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http://dx.doi.org/10.1111/aos.14340DOI Listing
http://www.ncbi.nlm.nih.gov/pmc/articles/PMC7321907PMC
December 2019

Multi-ancestry sleep-by-SNP interaction analysis in 126,926 individuals reveals lipid loci stratified by sleep duration.

Nat Commun 2019 11 12;10(1):5121. Epub 2019 Nov 12.

Department of Clinical Epidemiology, Leiden University Medical Center, Leiden, Netherlands.

Both short and long sleep are associated with an adverse lipid profile, likely through different biological pathways. To elucidate the biology of sleep-associated adverse lipid profile, we conduct multi-ancestry genome-wide sleep-SNP interaction analyses on three lipid traits (HDL-c, LDL-c and triglycerides). In the total study sample (discovery + replication) of 126,926 individuals from 5 different ancestry groups, when considering either long or short total sleep time interactions in joint analyses, we identify 49 previously unreported lipid loci, and 10 additional previously unreported lipid loci in a restricted sample of European-ancestry cohorts. In addition, we identify new gene-sleep interactions for known lipid loci such as LPL and PCSK9. The previously unreported lipid loci have a modest explained variance in lipid levels: most notable, gene-short-sleep interactions explain 4.25% of the variance in triglyceride level. Collectively, these findings contribute to our understanding of the biological mechanisms involved in sleep-associated adverse lipid profiles.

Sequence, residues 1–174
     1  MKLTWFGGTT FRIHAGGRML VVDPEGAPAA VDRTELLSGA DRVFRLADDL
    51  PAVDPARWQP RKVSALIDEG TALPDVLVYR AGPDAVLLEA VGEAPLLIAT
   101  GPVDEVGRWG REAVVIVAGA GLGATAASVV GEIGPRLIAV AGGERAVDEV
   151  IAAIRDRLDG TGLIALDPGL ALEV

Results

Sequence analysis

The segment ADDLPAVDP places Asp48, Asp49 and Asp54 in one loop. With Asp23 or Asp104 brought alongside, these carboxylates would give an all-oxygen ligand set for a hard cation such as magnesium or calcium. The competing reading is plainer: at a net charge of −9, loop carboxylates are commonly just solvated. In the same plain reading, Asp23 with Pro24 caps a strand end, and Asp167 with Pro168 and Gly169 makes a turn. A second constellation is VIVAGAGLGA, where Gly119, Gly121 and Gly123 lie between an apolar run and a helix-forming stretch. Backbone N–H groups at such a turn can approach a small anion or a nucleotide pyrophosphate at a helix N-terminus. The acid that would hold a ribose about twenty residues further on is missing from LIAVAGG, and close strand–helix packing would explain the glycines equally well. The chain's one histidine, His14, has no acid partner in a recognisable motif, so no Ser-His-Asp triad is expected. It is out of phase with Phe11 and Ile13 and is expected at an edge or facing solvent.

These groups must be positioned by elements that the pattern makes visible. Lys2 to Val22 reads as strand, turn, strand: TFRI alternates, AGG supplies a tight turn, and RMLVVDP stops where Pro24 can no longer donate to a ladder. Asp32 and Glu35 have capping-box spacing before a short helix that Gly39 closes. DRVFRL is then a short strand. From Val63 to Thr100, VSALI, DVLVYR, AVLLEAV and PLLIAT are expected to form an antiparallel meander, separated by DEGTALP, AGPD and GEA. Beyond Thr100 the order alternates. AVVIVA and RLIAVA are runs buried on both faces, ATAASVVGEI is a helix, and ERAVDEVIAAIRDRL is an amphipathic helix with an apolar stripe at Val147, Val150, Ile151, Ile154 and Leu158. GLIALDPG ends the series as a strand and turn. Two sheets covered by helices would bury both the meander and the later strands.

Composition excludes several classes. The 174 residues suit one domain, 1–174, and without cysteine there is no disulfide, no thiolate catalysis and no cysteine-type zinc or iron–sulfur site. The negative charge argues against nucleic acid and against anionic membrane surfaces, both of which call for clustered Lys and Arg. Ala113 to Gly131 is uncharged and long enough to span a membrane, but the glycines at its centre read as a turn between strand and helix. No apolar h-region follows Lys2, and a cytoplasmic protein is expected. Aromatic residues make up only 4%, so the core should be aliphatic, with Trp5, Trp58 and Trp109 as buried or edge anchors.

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http://dx.doi.org/10.1038/s41467-019-12958-0DOI Listing
http://www.ncbi.nlm.nih.gov/pmc/articles/PMC6851116PMC
November 2019

Genome-wide association meta-analysis identifies five novel loci for age-related hearing impairment.

Sci Rep 2019 10 23;9(1):15192. Epub 2019 Oct 23.

Department of Medicine, Surgery and Health Sciences, University of Trieste, Trieste, Italy.

Previous research has shown that genes play a substantial role in determining a person's susceptibility to age-related hearing impairment. The existing studies on this subject have different results, which may be caused by difficulties in determining the phenotype or the limited number of participants involved. Here, we have gathered the largest sample to date (discovery n = 9,675; replication n = 10,963; validation n = 356,141), and examined phenotypes that represented low/mid and high frequency hearing loss on the pure tone audiogram. We identified 7 loci that were either replicated and/or validated, of which 5 loci are novel in hearing. Especially the ILDR1 gene is a high profile candidate, as it contains our top SNP, is a known hearing loss gene, has been linked to age-related hearing impairment before, and in addition is preferentially expressed within hair cells of the inner ear. By verifying all previously published SNPs, we can present a paper that combines all new and existing findings to date, giving a complete overview of the genetic architecture of age-related hearing impairment. This is of importance as age-related hearing impairment is highly prevalent in our ageing society and represents a large socio-economic burden.